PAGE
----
Tsongkha

Tsongkha (Chinese: 宗喀國), also known as Qingtang (Chinese: 青唐國) and Gusiluo (Chinese: 唃廝囉國), was a Tibetan theocracy that ruled northeastern Tibet from 997 to 1104.[1]

Tsongkha

997–1104
Location of Tsongkha
CapitalTsongkha (modern Ping'an District),
Qingtang (Xining)
Common languagesTibetan
Religion
Buddhism
GovernmentTheocracy
History 
• Established
997
• Disestablished
1104
Preceded by
Succeeded by
Xiliangfu
Song dynasty
Today part ofChina

HistoryEdit

In 997 the elders of Amdo found a descendant of the Yarlung dynasty in Gaochang by the name of Qinanling Wenqianbu. They took him to Hezhou where they named him Gusiluo/Juesiluo, otherwise known as Gyelsé, meaning "son of Buddha".[2]

In 1008 Gusiluo was enthroned at Kuozhou as Tsenpo.[2]

In 1017 Tsongkha was defeated by the Song dynasty commander Cao Wei.[3]

In 1025 Gusiluo relocated to Miaochuan.[3]

In 1032 Gusiluo relocated to Qingtang.[4] Around the same time his eldest son Xiazhan established himself in Hezhou and his second son Mozhanjiao in Tsongkha.[5]

In 1054 assisted the Song army in resolving a dispute among Tibetan tribes.[5]

In 1058 a Khitan princess married Gusiluo's son Dongzhan.[6] Dongzhan killed Xiazhan and Mozhanjiao.[5]

In 1065 Gusiluo died and was succeeded by his son Dongzhan. Mucheng, son of Xiazhan, declared independence in Hezhou. Mucheng sided with the Tanguts and began interfering with trade caravans entering the Song dynasty.[7]

In 1070 the monks Jiewuchila and Kangzunxinluojie attempted to enthrone Mucheng's younger brother Donggu at Wushengjun but failed.[7]

In 1072 the Song dynasty commander Wang Shao attacked Mucheng and gained control of Wushengjun (Xizhou) and Hezhou, though Mucheng escaped. The Song general Jing Sili was killed by the Tibetan warrior Guizhang. During the taking of Hezhou, 7,000 Tibetans were killed and 12,000 were taken prisoner. More than 20,000 tent dwellings were destroyed.[8]

In 1074 Dongzhan and Mucheng submitted to Song governance.[8]

After the failed Song invasion of Western Xia ended in 1085, the Song lost all influence in Tsongkha. Mucheng had been succeeded by Guizhang.[9]

In 1086, Dongzhan died and was succeeded by his adopted son, Aligu (Khotanese mother). Aligu hid the death of Dongzhan for a year and induced his father's Khitan wife to kill two other wives to eliminate potential rivals. Then he married his daughter to the Tanguts. Aligu gained Song recognition, which infuriated Guizhang. Guizhang fortified himself at Taozhou and began raiding Song territory. In 1087, Song forces led by Chong Yi captured Guizhang and sent him to Kaifeng. Two years later he was released and sent to live in Qinzhou, where he died two years later.[10]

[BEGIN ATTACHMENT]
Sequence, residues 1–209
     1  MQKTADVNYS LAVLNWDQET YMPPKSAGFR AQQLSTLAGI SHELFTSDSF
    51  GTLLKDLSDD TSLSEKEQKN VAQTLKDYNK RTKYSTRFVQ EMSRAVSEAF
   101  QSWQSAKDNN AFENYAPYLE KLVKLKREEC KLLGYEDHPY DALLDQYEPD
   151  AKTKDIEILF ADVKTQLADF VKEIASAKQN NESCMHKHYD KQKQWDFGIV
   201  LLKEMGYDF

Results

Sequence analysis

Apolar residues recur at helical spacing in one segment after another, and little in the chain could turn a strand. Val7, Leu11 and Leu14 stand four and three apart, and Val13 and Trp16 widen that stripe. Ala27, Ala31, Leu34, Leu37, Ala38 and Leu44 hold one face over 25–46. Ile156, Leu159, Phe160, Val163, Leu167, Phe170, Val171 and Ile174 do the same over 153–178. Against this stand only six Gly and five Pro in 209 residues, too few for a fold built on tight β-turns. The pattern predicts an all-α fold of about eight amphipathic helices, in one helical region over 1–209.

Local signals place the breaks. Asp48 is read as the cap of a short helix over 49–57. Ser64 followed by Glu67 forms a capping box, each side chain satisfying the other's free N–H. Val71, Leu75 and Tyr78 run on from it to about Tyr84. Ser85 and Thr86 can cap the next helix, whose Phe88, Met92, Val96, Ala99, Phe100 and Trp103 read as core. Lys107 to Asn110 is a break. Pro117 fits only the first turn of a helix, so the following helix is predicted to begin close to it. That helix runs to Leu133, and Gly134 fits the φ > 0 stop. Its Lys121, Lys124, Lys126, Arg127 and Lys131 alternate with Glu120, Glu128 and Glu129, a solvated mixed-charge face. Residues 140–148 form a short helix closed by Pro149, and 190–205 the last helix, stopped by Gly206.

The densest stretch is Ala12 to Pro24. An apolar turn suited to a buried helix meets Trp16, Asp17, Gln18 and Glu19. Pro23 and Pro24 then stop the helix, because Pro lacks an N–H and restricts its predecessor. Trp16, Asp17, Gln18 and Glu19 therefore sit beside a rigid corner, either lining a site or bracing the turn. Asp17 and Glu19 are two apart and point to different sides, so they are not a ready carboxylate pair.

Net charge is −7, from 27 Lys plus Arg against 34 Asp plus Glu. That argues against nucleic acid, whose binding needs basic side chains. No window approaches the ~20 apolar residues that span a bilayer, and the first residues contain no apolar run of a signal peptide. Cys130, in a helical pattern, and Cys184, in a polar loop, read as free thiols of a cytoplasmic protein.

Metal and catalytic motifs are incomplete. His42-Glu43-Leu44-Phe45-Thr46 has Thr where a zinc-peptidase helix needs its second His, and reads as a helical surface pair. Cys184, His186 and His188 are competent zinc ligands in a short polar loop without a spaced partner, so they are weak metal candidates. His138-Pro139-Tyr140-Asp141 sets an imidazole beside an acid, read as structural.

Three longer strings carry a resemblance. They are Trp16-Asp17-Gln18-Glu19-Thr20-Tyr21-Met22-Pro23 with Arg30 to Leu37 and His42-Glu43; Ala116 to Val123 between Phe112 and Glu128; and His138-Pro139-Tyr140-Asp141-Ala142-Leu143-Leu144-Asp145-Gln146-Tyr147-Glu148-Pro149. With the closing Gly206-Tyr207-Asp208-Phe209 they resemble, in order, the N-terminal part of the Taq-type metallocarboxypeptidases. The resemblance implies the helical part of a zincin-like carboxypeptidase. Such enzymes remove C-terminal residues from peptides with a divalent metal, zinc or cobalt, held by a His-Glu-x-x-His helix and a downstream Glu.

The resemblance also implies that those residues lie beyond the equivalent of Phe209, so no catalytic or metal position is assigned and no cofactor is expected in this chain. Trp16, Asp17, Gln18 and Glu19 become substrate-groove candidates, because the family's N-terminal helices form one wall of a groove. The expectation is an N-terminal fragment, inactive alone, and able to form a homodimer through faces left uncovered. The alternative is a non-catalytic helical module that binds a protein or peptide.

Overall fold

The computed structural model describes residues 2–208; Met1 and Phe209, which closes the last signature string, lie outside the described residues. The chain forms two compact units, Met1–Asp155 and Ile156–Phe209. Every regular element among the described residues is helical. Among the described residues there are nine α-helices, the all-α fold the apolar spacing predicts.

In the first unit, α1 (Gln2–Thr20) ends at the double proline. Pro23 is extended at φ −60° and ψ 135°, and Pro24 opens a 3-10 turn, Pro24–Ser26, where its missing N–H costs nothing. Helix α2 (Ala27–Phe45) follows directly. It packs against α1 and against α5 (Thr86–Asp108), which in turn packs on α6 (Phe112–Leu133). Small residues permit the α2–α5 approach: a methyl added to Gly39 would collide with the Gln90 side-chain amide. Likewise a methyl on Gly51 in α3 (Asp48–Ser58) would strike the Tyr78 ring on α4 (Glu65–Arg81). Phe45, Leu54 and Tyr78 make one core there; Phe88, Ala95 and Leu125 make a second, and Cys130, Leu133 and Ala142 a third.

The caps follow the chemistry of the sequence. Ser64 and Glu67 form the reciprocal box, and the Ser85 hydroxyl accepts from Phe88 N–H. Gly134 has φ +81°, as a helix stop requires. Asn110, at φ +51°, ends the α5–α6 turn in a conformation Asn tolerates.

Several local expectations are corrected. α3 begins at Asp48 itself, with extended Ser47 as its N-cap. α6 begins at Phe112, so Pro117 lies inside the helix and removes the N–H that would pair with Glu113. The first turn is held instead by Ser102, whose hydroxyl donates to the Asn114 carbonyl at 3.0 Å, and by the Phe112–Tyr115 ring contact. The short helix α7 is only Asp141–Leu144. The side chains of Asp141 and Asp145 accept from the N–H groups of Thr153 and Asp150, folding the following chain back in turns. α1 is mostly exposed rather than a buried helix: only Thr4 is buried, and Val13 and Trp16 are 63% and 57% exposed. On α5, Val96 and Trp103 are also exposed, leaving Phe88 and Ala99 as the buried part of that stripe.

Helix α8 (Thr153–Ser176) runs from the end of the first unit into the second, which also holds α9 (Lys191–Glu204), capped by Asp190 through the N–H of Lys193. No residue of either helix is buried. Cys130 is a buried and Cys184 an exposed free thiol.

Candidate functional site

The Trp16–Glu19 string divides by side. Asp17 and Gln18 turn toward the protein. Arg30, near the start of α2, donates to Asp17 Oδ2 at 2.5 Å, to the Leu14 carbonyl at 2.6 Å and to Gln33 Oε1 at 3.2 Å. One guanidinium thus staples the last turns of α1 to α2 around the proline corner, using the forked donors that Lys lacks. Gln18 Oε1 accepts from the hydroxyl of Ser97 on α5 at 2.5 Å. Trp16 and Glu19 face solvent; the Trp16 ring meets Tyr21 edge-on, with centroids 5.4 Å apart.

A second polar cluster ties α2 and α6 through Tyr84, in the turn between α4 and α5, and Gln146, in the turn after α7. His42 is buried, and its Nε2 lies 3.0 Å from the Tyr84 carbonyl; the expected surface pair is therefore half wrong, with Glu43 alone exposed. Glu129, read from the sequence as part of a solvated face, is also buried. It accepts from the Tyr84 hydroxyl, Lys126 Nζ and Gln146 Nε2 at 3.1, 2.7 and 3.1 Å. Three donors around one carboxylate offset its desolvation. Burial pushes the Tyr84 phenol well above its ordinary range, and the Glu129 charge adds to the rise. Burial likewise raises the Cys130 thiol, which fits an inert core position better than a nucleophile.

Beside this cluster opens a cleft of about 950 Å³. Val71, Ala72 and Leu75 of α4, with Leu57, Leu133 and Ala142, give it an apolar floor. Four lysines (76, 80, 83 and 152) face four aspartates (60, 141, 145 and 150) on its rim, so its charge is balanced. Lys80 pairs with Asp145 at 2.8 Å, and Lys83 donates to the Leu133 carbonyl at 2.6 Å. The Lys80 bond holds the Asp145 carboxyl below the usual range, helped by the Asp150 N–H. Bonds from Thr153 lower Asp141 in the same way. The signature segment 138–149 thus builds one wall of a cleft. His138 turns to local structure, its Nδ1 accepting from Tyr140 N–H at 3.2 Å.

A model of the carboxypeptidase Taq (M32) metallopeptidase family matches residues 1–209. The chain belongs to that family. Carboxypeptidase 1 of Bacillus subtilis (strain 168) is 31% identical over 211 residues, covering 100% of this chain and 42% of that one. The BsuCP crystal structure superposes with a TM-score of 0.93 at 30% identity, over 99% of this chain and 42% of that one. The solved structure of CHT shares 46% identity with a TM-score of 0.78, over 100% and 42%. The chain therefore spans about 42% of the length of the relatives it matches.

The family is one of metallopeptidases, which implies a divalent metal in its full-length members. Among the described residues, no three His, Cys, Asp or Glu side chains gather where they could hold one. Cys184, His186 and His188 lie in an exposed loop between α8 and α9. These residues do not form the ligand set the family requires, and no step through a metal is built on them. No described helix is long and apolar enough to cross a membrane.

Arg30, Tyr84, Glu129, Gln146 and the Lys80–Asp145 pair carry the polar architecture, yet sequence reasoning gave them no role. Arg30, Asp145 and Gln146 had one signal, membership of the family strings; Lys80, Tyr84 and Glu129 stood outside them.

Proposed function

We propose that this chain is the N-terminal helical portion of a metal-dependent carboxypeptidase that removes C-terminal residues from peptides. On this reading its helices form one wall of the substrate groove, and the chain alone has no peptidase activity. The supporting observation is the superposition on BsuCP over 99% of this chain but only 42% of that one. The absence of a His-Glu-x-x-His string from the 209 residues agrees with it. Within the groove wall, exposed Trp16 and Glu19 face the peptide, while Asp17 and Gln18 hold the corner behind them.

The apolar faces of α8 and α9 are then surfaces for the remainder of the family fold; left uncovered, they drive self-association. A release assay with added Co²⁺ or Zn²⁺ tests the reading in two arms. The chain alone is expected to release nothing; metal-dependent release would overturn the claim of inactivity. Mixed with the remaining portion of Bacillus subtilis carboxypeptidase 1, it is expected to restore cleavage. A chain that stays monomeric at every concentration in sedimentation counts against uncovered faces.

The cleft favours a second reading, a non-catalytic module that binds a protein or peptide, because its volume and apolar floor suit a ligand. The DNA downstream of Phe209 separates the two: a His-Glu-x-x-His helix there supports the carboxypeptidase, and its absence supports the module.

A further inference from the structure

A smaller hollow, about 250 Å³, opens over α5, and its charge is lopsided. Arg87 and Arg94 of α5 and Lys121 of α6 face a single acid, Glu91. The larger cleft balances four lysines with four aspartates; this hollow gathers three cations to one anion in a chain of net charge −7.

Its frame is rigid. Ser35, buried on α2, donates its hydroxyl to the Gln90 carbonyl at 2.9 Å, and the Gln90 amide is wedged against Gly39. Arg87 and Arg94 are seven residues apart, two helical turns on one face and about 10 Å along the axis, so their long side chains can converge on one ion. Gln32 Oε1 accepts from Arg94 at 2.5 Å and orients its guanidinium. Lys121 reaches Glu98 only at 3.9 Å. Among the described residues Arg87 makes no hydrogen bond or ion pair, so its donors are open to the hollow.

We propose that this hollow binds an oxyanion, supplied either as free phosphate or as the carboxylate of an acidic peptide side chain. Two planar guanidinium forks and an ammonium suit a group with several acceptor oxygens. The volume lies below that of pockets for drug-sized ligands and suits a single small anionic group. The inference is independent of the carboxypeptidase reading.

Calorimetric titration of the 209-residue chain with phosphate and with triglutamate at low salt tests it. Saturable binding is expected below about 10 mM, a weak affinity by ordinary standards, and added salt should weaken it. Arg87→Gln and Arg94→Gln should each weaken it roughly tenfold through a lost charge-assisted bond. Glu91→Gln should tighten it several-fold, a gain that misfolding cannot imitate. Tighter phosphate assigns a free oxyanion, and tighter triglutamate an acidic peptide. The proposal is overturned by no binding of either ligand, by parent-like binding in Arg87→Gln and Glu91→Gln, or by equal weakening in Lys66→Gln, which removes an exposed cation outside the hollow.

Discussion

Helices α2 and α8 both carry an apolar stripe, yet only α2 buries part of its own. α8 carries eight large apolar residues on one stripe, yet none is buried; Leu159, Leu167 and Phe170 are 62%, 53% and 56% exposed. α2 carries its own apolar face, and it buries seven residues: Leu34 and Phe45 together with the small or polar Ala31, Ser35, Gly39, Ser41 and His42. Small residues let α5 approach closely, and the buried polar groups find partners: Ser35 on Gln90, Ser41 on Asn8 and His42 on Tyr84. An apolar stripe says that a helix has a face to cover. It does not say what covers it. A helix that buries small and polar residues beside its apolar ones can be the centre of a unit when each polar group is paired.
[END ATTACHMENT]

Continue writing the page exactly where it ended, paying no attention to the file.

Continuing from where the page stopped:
Aligu was an unpopular ruler. In 1092 he incarcerated the tribal leader Wenxixin and his son Xibawen as Song spies.[11]

Aligu died in 1096 and was succeeded by his son, Xiazheng.[11]

In 1099, Xiazheng was expelled by Xinmouqinzhan, who enthroned Longza as rightful heir to the Gusiluo line. The Song commander Wang Shan defeated Longza and occupied Tsongkha. At first the Song tried to directly administrate the area, but Tibetan resistance forced the reinstatement of Longza as hereditary administrator and Mucheng's son, Bangbiwudingwa as military commissioner with responsibility over the Tibetan tribes.[1][12]

Longza returned to power in 1101, but was immediately driven off by his brother, Xisheluosa.[13]

In 1103, the Song dispatched Wang Hou to conquer Tsongkha. Wang led 20,000 troops to capture the Tibetan border settlements, forcing Xisheluosa to retreat to Tsongkha (Zongge). Wang's forces were increased by another 10,000 reinforcements. They defeated a Tibetan army, taking 4,316 heads and over 3,000 prisoners. A princess of Tsongkha led her followers to surrender. Qingtang turned on Xisheluosa, who fled further west into Qinghai. The Song armies occupied the region again and renamed Qingtang to Xining.[14]

AftermathEdit

In 1108, Longza, renamed Zhao Huaide, was raised to the rank of prince and military governor. Rebellious elements in the newly conquered territory persisted. The tribal chieftains, Jiezhanpangjian and Zangzhengpuge, continued to raid Song territory. Song forces eventually forced Jiezhanpangjian to flee and without his help, Zangzhengpuge submitted to Song authority.[15]

By 1109 the Song dynasty had registered all the Tibetan towns of Kokonor under Chinese names.[14]

The area was later conquered by the Jin dynasty (1115–1234), which ceded the area to the Western Xia in 1136.[16]

ReferencesEdit

  1. ^ a b Tuttle 2013, p. xvii.
  2. ^ a b Twitchett 1994, p. 173.
  3. ^ a b Twitchett 1994, p. 175.
  4. ^ Twitchett 1994, p. 176.
  5. ^ a b c Tuttle 2013, p. 152.
  6. ^ Twitchett 1994, p. 192.
  7. ^ a b Tuttle 2013, p. 153.
  8. ^ a b Tuttle 2013, p. 154.
  9. ^ Smith 2006, p. 95.
  10. ^ Smith 2006, p. 96-98.
  11. ^ a b Smith 2006, p. 99.
  12. ^ Smith 2006, p. 100-106.
  13. ^ Smith 2006, p. 112.
  14. ^ a b Twitchett 1994, p. 196.
  15. ^ Smith 2006, p. 121.
  16. ^ Twitchett 1994, p. 180.

BibliographyEdit

  • Smith, Paul Jakov (2006), Irredentism as Political Capital
  • Tuttle, Gray (2013), The Tibetan History Reader, Columbia University Press
  • Twitchett, Denis (1994), The Cambridge History of China, Volume 6, Alien Regime and Border States, 907-1368, Cambridge: Cambridge University Press, ISBN 0521243319